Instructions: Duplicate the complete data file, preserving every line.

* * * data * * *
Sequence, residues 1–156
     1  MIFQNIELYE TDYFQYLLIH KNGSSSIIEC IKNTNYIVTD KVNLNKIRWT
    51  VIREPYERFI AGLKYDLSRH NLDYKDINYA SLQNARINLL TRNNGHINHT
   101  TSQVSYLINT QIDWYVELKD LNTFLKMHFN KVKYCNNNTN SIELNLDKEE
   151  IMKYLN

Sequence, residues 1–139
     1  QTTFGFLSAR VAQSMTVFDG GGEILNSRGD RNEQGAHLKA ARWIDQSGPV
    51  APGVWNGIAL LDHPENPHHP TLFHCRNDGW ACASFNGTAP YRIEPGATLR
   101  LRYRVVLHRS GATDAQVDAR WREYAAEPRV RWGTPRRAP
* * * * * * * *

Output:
Sequence, residues 1–156
     1  MIFQNIELYE TDYFQYLLIH KNGSSSIIEC IKNTNYIVTD KVNLNKIRWT
    51  VIREPYERFI AGLKYDLSRH NLDYKDINYA SLQNARINLL TRNNGHINHT
   101  TSQVSYLINT QIDWYVELKD LNTFLKMHFN KVKYCNNNTN SIELNLDKEE
   151  IMKYLN

Sequence, residues 1–139
     1  QTTFGFLSAR VAQSMTVFDG GGEILNSRGD RNEQGAHLKA ARWIDQSGPV
    51  APGVWNGIAL LDHPENPHHP TLFHCRNDGW ACASFNGTAP YRIEPGATLR
   101  LRYRVVLHRS GATDAQVDAR WREYAAEPRV RWGTPRRAP